The Lessons I've Learned by Touring
Written by Mary Bryce
There’s a list that the musician Thor Harris made about how to tour with a band. You can read it here, and as it turns out, the rules for touring without losing your mind are fairly universal. The only thing I would add is wear a pair of shoes that slip on. I danced, walked, and slept comfortably in these ones from Passport Vintage.
In my personal experience, touring with five to six people in a van for a month, with nothing but a few changes of clothes and some instruments is hard and fun. It’s wildly liberating to be on the road with nowhere to be but the next gig. It’s all liminal space, like being at the airport permanently. When you are nowhere, where are you?
Figuring out where exactly I am, is my perpetual question. While touring I never found the physical discomfort of sitting in the backseat or sleeping on a stranger’s floor, nearly as uncomfortable as I found sitting with myself. Like most of us, I deal with my share of crippling self-doubt and anxiety, but with none of my ordinary “real life” settings to blame my bad mood or attitude on, I remembered just how responsible for my inner world I really am. And taking responsibility for those emotions, good and bad, is something I struggle with.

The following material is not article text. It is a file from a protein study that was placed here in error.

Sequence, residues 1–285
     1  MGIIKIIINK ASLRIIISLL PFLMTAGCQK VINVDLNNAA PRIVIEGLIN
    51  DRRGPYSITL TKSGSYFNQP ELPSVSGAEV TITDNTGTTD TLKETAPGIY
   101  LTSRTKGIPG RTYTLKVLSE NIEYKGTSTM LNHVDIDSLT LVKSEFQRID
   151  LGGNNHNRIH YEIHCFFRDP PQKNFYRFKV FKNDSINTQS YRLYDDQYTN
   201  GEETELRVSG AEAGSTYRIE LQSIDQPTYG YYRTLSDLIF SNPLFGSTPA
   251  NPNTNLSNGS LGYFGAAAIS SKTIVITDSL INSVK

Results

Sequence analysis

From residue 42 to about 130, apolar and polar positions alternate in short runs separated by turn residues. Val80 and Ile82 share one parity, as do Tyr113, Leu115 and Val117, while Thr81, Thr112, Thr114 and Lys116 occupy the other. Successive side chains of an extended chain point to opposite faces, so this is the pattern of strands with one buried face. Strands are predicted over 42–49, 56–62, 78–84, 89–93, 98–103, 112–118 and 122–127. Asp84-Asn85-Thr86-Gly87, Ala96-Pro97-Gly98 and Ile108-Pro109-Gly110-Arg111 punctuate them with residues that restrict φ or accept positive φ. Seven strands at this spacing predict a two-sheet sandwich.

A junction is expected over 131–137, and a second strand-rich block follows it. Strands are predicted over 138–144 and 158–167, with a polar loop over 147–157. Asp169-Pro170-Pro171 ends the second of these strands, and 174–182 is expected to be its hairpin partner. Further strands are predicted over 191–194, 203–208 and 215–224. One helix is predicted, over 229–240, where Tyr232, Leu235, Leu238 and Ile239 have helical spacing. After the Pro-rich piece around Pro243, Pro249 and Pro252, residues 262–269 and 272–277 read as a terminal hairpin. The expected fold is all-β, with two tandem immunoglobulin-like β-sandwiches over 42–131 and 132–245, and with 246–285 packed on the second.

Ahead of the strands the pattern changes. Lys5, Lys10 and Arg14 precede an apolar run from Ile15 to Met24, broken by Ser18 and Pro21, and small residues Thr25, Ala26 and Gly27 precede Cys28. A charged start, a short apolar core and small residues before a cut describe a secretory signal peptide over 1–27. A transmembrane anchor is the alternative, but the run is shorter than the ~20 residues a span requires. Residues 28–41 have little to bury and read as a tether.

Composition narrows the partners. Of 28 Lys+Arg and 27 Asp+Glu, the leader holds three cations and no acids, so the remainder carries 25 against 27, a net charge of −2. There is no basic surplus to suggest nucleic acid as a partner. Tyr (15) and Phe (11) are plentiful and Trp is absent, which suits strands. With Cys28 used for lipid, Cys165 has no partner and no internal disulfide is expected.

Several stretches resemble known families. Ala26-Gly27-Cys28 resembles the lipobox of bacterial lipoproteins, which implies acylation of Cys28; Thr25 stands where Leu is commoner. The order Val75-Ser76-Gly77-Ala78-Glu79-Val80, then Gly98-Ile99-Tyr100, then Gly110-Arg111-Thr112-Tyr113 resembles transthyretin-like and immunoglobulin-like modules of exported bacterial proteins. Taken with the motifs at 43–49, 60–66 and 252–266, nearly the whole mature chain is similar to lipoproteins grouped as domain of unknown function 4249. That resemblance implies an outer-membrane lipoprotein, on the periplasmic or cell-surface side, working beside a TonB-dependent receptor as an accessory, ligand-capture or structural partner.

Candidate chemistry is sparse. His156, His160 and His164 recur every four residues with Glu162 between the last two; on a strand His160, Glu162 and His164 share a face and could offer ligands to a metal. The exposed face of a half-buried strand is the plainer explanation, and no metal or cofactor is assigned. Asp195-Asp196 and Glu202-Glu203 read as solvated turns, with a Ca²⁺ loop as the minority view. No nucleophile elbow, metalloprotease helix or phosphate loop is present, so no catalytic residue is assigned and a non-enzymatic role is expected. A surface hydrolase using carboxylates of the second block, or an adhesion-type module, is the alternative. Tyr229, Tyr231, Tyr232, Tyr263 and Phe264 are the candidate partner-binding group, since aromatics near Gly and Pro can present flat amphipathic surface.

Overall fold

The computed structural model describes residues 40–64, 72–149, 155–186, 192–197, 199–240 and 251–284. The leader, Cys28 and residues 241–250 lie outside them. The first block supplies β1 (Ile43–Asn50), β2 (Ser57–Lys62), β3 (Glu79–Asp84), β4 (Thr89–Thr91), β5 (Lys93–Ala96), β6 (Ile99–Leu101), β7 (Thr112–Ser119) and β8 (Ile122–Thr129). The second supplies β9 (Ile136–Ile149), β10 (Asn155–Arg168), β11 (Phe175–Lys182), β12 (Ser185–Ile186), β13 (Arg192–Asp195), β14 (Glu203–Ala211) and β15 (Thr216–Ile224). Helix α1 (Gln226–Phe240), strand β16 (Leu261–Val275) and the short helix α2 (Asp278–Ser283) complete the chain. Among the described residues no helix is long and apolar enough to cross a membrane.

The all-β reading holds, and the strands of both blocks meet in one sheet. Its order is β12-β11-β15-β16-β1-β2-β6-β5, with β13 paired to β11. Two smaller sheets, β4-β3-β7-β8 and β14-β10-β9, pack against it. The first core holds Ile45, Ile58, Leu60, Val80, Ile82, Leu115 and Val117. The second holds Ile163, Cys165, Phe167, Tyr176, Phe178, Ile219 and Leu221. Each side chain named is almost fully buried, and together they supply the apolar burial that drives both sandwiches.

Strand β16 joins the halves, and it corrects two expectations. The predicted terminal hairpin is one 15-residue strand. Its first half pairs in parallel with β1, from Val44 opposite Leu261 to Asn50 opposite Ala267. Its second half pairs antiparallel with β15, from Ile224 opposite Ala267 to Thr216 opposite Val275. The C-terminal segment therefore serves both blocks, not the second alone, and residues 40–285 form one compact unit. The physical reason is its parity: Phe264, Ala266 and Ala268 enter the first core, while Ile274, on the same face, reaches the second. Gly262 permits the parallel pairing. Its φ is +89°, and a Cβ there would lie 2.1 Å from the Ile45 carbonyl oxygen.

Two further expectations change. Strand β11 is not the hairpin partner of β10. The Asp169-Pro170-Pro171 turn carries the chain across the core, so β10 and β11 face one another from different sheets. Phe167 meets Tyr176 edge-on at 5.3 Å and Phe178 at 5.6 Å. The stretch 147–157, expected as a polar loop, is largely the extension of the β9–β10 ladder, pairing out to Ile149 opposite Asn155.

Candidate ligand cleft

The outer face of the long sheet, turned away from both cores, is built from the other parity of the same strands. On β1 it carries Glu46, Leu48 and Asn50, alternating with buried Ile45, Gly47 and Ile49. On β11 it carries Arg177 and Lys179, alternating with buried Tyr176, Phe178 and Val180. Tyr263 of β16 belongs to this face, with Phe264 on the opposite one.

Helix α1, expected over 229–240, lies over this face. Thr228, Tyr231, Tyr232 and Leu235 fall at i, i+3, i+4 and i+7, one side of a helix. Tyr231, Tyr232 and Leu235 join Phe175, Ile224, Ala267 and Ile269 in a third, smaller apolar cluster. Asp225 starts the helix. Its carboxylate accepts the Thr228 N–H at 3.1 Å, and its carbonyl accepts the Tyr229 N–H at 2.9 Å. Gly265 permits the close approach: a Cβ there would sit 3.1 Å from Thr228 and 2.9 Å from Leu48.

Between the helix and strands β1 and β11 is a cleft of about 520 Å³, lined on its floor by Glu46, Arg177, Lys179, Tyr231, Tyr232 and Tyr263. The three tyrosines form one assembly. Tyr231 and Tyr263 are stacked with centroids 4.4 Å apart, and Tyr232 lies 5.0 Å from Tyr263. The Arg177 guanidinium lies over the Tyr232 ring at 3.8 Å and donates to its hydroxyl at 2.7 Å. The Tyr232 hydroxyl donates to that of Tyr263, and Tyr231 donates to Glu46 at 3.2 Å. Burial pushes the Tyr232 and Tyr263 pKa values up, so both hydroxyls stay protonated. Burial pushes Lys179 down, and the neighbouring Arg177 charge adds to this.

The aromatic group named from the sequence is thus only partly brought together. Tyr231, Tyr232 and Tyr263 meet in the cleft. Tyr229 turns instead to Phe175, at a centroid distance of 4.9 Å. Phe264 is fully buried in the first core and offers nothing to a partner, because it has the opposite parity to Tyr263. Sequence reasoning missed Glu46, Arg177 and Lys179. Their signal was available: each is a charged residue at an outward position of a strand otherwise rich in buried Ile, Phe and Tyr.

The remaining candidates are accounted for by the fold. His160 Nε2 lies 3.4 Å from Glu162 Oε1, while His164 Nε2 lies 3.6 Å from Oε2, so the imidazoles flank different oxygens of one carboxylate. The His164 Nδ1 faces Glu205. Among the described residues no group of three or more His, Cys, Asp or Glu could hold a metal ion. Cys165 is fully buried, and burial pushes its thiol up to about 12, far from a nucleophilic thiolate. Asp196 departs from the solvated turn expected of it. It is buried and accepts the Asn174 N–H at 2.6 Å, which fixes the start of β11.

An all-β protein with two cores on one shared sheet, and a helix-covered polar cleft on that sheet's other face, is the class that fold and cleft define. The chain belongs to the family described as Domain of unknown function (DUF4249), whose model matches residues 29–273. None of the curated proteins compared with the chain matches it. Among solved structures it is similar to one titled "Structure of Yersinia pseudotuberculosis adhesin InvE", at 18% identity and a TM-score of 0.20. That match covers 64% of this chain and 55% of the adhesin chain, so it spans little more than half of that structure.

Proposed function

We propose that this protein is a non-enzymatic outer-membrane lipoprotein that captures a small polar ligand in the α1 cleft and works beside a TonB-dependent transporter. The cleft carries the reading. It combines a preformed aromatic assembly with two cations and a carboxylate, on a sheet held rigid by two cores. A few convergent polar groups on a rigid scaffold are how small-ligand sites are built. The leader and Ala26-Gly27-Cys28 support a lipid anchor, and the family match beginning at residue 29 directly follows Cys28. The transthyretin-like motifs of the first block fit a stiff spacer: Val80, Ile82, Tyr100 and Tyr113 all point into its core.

I’ve been thinking a lot about acceptance lately, what it really means. And perhaps that’s the great lesson of being on the road: when you accept where you are, there is no rush, nowhere else to be, no one else to be. When you accept physical discomfort as a constant, then you are not upset about it anymore. I don’t mean acceptance in a passive way, but acceptance as a vehicle for enjoyment of the moment.
Now that the tour is over, I can’t stop thinking about it. That accepting where I actually am, personally, physically and otherwise, is perhaps the only way to be truly happy, regardless of whether or not I’m surviving off Taco Bell, Tito’s Vodka and Slim Jims. Because somewhere within acceptance lies a deep strength, the strength to keep singing when out of breath, to smile and put on the show when you don’t feel like it, to hopefully bring a second of relief and uplift to someone you will probably never talk to or see again. When everyone in the bar got quiet in Las Vegas while we sang our quietest songs, or dancing in a backyard in LA, or letting nights unravel in Hattiesburg on stranger-become-friend’s floors-- if the goal of life is to simply live fully, to be truly, blinding alive, then I don’t know what else there is to do. I want to make music and chase an artist dream, as desperate and effortful as it often is. I’m trying to dig my heels in and really accept it, accept the work and labor-of-love, accept that the dream is big. Accept that perhaps heaven really is on earth. If only I can let it.